What Can Be Made From Recycled Electronics?

What Can Be Made From Recycled Electronics?

With the latest and greatest advancements in tech getting updated every year now, electronics seem to have a shorter and shorter lifespan. Everyone has to have the most up-to-date model available. And because people can now store their entire life in data, the longer you hold on to a device, the more you’ll lose when that planned obsolescence kicks in.

But, what happens to all the old electronics? Well, they generally end up in one of three places — a recycling center, a secondhand retailer or a landfill. Unfortunately, landfills see the majority of unwanted devices.

This may be in part because people are unaware of how easy it is to recycle their electronics, or that they don’t know how useful their devices are, even broken. Most of the parts can be reused to create something new, which is helpful to the environment and creates more sustainability in the tech market.

The Importance of E-Waste

Part of the reason not enough people recycle is that they don’t know how important the issue of e-waste really is. Electronics that are trashed rather than recycled create a surprising amount of unnecessary waste each year.

Some of the most significant issues attributed to e-waste are:

1. Wasted Materials and Money

In the silver and gold content of cell phones alone, Americans throw away $60 million per year — and that’s not counting the rest of the recyclable metals and plastics. That’s money sitting in landfills that could be going back into manufacturing processes and new devices.

As people toss out more and more materials, there are less available to create new technology. The cost of mining new elements and metals and processing them is high, using far more energy than recycling old products already made of refined materials. By continuing mining instead of promoting the reuse of existing pieces, we are practically throwing money into our landfills.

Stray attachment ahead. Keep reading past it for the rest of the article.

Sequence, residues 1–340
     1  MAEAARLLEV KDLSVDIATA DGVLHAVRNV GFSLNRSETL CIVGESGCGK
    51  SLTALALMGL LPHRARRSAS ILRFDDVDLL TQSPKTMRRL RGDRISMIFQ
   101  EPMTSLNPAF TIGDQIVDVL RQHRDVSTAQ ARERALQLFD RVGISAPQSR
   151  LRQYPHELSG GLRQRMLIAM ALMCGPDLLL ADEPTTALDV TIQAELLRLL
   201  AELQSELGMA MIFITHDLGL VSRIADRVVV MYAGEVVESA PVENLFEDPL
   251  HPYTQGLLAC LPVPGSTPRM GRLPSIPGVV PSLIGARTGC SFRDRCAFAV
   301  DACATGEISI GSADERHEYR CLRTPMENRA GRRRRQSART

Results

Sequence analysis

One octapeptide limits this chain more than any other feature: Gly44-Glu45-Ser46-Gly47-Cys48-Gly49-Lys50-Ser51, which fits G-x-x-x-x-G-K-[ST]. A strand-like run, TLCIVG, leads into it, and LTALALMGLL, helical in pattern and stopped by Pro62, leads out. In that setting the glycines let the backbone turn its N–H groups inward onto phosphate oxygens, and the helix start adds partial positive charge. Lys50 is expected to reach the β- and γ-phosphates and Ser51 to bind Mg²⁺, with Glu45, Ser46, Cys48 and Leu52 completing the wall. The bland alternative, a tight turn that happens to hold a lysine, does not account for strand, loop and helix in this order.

2. Environmental Damage and Health Risks

Hazardous chemicals leach from disposed of electronics. They contaminate nearby water, soil and the environment as a whole, affecting the health of humans, animals and plants alike. In some cases, the chemicals can easily make their way into the food chain by contaminating water and soil, then fish and crops, then the humans who eat them.

Even though discarded devices are a minority in the grand scheme of landfills, they account for up to 70% of all toxic waste. Lead, mercury, arsenic, beryllium, cadmium, polyvinyl chloride and flame retarding chemicals all exist within the devices. When incinerated or left to seep out of the protective casings, these hazardous elements can cause health problems like cancer, reproductive disorders, endocrine system issues and more.

3. Unrecorded Statistics

If you think the current e-waste statistics are bad, it’s important to know that not all countries are paying close attention. Only 41 countries total have official statistics, meaning there’s a lot more waste than is being counted.

Also, the U.S. has created dumping problems in China, India, Pakistan, Nigeria and Ghana from exporting e-waste under the guise of recycling. Count that in, and we’ve got more e-waste than we can possibly know. And the piles just keep growing. It’s time to turn to an alternative.

Recycling and Repurposing Old Electronics

People who live in places without mandated electronic waste recycling likely won’t think of it first when it comes time to upgrade. A lot of people store or hold on to old, outdated or broken devices, whether they use them or not. So, rather than restore some of the limited material supply, the electronics sit and gather dust.

Other people refuse to let go of them because they don’t know where to recycle mobile phones and other devices, don’t want to pay for it or think it’s a complicated process. Safety is also a concern, as smartphones and laptops hold tons of personal data and sensitive information within their hardware.